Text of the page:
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Have they now provided you with a copy of their terms and conditions? If so, please can you upload it on here so that I can take a look?
Thank you. I will get back to you with my answer as soon as I can, which will be at some point today. The system will notify you when this happens. Please do not reply in the meantime as this may unnecessarily delay my response. Many thanks.
Many thanks for your patience. Whilst you will likely lose the deposit, the issue is mainly to do with the term’s fees they are pursuing you for as a result of the alleged failure to give sufficient notice to withdraw your child.
Whilst a term’s fees are common in these scenarios, you can always argue that you were not issued with the terms and conditions requiring that until after the event had passed. So whilst you are prepared to accept that the deposit will be lost and they can use that to cover any losses, you should not be held liable for the term’s notice they are expecting as you simply had no contractual obligation to abide by that, as no formal terms of business were issued to you. Had you been issued with such terms, you would have known what was contractually expected of you and timed the notice or withdrawal differently.
Just be aware though that there is nothing stopping them from taking this to court and it is their prerogative to do this. It means you will have to do your best to defend the claim and use the above argument. Assuming he total amount claimed is less than £10,000 it means it will go in the Small Claims Court where the risks are not that high and even if you lose you will only be liable for the amount sought but not the school’s legal fees.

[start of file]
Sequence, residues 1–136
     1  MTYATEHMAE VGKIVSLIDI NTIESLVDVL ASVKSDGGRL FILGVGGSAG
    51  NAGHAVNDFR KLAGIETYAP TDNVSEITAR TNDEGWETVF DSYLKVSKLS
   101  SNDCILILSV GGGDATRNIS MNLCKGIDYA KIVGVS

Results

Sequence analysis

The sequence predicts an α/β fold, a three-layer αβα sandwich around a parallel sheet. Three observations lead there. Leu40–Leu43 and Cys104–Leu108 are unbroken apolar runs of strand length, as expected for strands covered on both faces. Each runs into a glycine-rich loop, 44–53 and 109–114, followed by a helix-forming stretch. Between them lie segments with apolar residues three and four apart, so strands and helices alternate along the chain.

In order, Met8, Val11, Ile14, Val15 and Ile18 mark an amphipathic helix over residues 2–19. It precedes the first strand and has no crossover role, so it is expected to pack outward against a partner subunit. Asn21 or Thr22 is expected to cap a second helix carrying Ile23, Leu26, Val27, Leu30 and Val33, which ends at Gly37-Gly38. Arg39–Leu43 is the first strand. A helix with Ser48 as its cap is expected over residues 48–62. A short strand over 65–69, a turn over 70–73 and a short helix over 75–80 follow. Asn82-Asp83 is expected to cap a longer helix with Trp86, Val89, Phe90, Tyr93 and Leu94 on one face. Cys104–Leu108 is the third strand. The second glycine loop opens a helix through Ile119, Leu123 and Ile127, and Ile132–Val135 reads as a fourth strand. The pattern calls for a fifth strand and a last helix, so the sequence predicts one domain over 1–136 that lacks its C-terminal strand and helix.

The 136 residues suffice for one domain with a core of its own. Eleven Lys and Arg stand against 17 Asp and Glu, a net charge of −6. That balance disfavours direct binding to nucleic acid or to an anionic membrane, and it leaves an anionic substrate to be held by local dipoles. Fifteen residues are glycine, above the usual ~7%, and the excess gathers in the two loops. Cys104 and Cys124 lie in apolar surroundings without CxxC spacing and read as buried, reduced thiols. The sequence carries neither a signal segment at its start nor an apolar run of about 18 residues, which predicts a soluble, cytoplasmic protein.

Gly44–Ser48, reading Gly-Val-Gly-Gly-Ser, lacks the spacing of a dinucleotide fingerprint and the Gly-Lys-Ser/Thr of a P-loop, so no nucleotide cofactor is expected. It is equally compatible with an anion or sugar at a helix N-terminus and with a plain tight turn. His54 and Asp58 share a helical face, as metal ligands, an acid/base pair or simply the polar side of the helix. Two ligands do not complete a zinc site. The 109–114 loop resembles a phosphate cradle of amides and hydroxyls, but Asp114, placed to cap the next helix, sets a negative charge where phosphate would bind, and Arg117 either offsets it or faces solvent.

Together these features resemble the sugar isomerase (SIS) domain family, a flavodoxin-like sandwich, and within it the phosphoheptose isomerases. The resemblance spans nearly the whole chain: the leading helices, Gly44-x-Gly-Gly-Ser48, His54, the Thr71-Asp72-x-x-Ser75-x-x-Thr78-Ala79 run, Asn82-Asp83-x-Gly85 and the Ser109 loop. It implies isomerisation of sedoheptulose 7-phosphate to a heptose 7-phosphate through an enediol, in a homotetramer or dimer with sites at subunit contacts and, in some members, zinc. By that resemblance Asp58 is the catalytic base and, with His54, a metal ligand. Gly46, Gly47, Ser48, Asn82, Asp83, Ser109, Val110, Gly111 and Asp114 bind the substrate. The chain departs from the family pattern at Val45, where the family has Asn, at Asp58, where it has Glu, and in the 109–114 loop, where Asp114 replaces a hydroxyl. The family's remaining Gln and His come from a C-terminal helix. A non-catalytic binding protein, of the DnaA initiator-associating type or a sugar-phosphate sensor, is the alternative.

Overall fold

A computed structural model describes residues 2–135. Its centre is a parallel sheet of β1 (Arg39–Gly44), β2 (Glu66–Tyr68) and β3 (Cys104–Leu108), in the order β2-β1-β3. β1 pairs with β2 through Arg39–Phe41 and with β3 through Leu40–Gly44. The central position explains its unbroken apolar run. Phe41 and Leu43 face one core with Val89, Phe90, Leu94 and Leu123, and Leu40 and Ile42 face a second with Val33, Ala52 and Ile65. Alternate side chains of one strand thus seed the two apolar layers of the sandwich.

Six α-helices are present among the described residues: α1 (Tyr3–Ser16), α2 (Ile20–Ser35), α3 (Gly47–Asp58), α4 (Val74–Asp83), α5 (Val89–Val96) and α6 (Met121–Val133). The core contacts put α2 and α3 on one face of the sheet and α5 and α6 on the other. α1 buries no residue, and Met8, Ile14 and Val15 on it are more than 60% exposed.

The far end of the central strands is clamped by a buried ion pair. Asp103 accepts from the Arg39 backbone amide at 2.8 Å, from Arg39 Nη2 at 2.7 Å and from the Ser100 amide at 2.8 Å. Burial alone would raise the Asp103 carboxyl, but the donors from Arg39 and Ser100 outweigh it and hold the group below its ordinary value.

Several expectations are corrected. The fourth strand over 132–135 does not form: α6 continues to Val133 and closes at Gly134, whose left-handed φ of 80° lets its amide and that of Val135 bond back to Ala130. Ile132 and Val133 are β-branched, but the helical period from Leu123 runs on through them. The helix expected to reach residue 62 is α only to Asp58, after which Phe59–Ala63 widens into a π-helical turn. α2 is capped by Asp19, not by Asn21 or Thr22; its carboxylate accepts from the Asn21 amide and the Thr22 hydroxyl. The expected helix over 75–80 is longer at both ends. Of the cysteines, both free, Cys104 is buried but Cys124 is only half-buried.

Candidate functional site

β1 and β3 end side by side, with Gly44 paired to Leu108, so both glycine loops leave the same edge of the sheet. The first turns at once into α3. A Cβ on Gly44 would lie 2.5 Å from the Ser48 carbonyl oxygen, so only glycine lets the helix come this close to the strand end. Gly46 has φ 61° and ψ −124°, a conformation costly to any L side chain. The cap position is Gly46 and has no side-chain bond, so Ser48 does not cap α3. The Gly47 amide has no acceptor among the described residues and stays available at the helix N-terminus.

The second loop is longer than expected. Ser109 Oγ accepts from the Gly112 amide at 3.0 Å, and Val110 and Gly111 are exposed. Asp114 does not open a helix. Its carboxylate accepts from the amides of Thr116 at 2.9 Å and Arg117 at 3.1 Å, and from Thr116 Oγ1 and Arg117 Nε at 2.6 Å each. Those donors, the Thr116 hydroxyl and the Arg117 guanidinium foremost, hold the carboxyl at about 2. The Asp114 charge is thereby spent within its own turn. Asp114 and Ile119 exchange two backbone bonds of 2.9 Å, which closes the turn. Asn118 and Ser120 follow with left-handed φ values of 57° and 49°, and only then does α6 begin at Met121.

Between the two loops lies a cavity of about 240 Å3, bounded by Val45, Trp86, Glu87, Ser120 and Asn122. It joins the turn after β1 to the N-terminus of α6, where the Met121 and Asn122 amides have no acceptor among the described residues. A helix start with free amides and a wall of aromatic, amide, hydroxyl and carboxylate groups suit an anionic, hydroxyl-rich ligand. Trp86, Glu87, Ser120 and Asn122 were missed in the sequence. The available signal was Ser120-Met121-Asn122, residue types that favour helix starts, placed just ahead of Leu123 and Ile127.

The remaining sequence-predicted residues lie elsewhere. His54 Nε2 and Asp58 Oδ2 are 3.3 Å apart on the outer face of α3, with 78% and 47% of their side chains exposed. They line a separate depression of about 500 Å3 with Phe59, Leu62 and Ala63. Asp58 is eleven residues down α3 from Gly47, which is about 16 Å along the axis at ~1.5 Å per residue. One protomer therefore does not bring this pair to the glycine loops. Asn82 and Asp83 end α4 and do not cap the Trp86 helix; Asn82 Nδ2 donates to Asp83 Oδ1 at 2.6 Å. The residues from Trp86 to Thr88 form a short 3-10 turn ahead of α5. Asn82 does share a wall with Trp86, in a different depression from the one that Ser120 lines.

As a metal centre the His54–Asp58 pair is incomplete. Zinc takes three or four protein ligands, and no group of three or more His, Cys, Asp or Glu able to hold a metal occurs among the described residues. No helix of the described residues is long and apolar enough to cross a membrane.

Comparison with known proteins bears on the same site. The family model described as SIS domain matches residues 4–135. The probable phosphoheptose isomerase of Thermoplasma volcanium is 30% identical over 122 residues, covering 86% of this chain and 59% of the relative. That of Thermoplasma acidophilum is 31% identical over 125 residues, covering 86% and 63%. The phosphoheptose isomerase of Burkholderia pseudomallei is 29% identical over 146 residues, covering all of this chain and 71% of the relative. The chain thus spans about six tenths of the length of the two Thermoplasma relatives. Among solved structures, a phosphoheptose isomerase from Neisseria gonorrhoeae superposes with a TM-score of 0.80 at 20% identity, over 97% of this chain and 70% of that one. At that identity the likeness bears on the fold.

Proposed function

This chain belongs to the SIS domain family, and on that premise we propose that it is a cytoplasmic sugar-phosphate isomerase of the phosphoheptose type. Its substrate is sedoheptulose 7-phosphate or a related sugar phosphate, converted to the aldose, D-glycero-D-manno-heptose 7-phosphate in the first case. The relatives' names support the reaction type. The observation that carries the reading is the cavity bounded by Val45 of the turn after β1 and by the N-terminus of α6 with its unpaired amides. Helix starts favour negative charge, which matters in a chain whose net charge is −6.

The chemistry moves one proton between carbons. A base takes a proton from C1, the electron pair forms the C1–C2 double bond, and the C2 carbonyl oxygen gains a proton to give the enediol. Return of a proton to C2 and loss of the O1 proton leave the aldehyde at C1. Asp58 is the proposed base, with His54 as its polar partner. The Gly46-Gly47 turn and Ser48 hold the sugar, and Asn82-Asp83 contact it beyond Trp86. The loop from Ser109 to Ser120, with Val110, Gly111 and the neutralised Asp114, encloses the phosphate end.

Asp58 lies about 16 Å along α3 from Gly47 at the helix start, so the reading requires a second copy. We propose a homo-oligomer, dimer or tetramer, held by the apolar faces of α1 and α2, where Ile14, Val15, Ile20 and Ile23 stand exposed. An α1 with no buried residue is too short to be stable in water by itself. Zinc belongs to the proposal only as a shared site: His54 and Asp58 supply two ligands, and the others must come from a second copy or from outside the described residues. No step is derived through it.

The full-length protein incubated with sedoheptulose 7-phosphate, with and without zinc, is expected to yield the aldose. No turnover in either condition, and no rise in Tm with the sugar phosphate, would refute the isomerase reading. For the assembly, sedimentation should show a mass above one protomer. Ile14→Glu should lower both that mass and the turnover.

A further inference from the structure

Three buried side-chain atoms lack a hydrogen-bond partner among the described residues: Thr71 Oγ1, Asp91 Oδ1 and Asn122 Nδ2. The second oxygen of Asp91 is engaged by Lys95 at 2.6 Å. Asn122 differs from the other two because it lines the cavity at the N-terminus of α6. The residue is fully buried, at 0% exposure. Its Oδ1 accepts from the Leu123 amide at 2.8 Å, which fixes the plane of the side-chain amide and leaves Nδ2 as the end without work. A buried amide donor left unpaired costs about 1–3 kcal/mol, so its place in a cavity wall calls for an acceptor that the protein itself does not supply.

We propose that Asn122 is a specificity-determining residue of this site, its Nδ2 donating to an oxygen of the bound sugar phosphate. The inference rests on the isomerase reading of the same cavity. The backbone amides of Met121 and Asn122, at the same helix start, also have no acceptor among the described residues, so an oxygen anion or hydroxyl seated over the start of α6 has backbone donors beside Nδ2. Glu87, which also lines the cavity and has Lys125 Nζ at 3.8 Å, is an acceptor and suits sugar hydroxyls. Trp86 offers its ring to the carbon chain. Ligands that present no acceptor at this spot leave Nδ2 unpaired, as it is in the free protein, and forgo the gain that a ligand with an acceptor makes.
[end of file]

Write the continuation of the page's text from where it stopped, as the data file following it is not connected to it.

Does this answer your query?
1. They cannot claim legal costs for pursuing a claim but if they have engaged debt collectors for example and win, they can add these to the total claim. However, each side pays their own legal fees in the Small Claims Court even if they win
2. Yes, that is correct and they also have a duty to mitigate their losses as soon as it became obvious that they would suffer any (from the point you advised of cancellation) and that would ideally mean finding a replacement pupil
3. Not really, it is their responsibility to provide you with the terms they want to apply in your business relationship with them, not your duty to ask for them. Failure to provide any will backfire on them, not on you.
4. The key is that they cannot just penalise you, they must only pursue you for such costs as are deemed fair and reasonable in the circumstances, considering the genuine pre-estimate of losses incurred and also considering what they have done to try and mitigate these
If you made an offer and you specifically made it conditional on it being in full and final settlement and it is then accepted by them by being banked, then that is when they will be giving up their rights to take it any further. You can also ask them for proof of costs incurred before you consider this any further as you need to make sure you are only paying for reasonable costs and not being penalised. If you do claim, they will need to supply proof of the costs incurred and also the mitigating steps they have taken to try and reduce/avoid these, which can include evidence that the space was filled. You do not have to give any specific arguments away yet, this can happen further in the process if it gets that far